Should this happen when you're doing research, what should you do?

Assignment Description: Following Citation Trails

Now that we've introduced you to the ProQuest database and to theses and dissertations in general, let's get started.

Basically, in this assignment you are going to:

1) Find a recent dissertation on a topic you are interested in;

2) Use the bibliography in the dissertation to peruse other sources on the same topic (and get some sense of the history of scholarship and major thinkers);

3) Identify a major work in the bibliography that is also held by the UA Libraries (in print);

4) Find that work in the stacks and then use its bibliography to locate (and then track down) several other related works (in print or online);

5) Document these activities, so that you can provide evidence you successfully completed this assignment/activity.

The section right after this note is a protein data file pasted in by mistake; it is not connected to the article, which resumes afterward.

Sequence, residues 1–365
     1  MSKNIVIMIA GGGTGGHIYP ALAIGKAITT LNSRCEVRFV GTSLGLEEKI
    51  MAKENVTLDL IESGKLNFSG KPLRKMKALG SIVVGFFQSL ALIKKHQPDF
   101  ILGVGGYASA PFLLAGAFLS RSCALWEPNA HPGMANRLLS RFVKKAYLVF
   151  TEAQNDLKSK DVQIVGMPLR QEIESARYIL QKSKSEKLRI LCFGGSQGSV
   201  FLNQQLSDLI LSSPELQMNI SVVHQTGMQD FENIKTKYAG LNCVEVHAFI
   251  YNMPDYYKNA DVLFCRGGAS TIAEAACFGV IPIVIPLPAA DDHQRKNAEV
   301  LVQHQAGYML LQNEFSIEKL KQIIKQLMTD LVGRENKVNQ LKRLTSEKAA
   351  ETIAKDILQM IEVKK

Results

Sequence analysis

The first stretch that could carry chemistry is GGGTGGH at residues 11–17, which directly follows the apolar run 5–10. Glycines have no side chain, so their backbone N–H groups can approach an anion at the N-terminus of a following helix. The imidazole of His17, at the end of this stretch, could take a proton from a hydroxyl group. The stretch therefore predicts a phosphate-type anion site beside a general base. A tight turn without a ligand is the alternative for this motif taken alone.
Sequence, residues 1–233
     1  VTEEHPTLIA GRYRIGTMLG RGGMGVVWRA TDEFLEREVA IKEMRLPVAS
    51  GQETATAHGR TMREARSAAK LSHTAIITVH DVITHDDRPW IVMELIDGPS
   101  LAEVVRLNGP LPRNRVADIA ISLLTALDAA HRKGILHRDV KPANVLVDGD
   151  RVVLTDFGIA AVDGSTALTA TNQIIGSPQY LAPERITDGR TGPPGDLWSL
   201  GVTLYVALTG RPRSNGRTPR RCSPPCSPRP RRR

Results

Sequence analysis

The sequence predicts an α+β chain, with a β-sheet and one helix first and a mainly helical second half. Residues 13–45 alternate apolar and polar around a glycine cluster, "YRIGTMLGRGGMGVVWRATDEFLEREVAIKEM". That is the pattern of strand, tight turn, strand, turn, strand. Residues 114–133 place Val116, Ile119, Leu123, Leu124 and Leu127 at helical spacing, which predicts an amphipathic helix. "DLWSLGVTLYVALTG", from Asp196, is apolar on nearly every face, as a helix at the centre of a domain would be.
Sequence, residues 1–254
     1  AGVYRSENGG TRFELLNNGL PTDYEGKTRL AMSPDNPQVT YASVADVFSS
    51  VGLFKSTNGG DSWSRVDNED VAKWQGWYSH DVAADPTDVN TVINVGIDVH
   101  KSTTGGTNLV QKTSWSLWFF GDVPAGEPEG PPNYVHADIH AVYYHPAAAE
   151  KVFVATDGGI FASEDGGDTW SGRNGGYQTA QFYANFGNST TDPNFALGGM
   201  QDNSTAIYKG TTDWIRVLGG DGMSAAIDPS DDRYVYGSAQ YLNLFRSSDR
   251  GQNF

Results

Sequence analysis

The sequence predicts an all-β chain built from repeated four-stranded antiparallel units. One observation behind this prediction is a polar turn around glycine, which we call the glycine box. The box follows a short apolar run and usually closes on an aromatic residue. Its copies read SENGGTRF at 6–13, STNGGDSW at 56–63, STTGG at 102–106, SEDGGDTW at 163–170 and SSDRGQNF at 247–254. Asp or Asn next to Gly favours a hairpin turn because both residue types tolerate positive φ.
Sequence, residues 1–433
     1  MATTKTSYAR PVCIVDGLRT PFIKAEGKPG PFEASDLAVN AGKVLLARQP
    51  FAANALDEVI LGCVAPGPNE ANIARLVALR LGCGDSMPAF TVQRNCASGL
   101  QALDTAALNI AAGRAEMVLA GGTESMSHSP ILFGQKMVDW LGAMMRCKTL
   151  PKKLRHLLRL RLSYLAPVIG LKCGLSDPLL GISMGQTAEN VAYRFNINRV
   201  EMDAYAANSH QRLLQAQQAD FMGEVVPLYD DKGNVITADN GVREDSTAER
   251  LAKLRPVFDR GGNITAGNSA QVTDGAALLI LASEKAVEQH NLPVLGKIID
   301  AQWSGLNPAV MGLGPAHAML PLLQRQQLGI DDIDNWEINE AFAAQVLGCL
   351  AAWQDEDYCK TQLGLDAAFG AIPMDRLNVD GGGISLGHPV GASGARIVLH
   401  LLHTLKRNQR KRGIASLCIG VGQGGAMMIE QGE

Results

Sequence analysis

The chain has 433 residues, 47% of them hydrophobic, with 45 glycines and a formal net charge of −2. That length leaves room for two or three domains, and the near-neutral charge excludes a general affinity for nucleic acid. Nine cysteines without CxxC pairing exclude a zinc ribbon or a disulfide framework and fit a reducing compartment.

Finding a Relevant Dissertation

First you'll need to identify a recent, relevant (and high quality) dissertation to use for this assignment.

1) Go back to the ProQuest Dissertation & Theses database and modify your search so that your results will only include dissertations that are fulltext and were published in the last 5-10 years.

NOTE: You may want to remove the subject heading limitations and just search for keywords (in the advanced search boxes)or index terms on your topic. Try multiple searches

2) Browse your results until you find a dissertation that is relevant to your interests AND has a sizable bibliography.

3) Download and save a copy of the PDF for your records.